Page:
Regardless of the difficulty in measurement, the amount of money laundered each year is in the billions (US dollars) and poses a significant policy concern for governments. As a result, governments and international bodies have undertaken efforts to deter, prevent and apprehend money launderers. Financial institutions have likewise undertaken efforts to prevent and detect transactions involving dirty money, both as a result of government requirements and to avoid the reputational risk involved.
Money laundering often occurs in three steps: first, cash is introduced into the financial system by some means (“placement”), the second involves carrying out complex financial transactions in order to camouflage the illegal source (“layering”), and the final step entails acquiring wealth generated from the transactions of the illicit funds (“integration”). Some of these steps may be omitted, depending on the circumstances; for example, non-cash proceeds that are already in the financial system would have no need for placement.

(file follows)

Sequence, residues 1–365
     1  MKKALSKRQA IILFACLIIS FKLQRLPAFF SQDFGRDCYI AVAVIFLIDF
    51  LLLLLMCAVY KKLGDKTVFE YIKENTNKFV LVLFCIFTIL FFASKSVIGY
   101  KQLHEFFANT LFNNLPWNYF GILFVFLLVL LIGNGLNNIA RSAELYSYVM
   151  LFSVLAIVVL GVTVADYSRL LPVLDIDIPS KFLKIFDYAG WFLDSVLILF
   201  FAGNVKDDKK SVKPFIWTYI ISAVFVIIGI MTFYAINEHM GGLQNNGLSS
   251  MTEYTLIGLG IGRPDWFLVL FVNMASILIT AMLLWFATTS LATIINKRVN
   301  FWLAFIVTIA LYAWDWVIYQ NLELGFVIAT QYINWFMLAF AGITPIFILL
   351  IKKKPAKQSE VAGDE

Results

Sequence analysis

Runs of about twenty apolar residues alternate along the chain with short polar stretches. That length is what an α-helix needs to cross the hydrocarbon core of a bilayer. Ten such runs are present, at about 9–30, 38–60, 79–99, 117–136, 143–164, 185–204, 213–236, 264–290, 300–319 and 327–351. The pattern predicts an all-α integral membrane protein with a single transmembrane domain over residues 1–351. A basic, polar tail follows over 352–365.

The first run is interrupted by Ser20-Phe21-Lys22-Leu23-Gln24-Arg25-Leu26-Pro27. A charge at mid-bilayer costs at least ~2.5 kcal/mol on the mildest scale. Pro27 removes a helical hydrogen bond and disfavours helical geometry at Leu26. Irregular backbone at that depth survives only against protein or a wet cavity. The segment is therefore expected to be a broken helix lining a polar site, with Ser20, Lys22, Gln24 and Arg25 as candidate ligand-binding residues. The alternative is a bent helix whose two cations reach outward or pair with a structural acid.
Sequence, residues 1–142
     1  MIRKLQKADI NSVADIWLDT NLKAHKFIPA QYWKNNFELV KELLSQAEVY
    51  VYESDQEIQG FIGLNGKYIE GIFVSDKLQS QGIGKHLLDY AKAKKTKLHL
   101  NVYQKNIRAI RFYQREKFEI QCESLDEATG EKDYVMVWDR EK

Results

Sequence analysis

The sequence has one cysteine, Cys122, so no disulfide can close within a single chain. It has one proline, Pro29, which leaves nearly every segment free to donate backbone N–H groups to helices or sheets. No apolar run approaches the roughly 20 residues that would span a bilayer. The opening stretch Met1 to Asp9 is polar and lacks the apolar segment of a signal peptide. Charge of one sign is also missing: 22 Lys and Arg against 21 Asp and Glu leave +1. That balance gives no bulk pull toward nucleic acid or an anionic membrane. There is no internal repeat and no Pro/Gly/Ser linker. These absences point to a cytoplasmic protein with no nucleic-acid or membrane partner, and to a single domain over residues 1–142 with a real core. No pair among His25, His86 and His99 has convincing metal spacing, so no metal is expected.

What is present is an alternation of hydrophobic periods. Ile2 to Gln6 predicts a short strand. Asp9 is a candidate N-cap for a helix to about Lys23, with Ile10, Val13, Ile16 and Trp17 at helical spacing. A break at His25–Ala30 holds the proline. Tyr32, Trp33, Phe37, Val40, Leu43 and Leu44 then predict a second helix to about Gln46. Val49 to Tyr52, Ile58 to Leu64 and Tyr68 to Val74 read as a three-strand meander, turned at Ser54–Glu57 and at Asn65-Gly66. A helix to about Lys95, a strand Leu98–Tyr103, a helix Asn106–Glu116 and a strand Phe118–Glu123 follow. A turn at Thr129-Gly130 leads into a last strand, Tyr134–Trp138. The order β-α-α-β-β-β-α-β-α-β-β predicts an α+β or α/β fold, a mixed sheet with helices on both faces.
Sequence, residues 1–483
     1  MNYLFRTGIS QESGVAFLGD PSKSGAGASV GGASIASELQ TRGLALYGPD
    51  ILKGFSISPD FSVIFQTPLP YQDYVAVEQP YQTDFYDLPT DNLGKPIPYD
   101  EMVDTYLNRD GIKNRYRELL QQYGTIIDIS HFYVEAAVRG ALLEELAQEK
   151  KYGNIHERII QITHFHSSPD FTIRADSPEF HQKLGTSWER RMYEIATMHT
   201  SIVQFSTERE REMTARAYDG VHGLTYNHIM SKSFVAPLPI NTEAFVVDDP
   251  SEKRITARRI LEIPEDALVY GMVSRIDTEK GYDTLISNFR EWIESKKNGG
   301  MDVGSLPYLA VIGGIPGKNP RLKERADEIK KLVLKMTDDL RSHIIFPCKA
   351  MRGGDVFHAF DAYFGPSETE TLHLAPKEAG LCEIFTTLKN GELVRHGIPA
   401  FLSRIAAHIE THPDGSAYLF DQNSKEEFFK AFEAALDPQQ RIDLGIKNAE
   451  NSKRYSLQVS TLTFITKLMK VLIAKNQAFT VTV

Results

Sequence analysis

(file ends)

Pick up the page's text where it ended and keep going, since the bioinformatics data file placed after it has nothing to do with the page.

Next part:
Money laundering takes several different forms although most methods can be categorized into one of a few types. These include "bank methods, smurfing [also known as structuring], currency exchanges, and double-invoicing."
- Structuring: Often known as "smurfing," it is a method of placement by which cash is broken into smaller deposits of money, used to defeat suspicion of money laundering and to avoid anti-money laundering reporting requirements. A sub-component of this is to use smaller amounts of cash to purchase bearer instruments, such as money orders, and then ultimately deposit those, again in small amounts.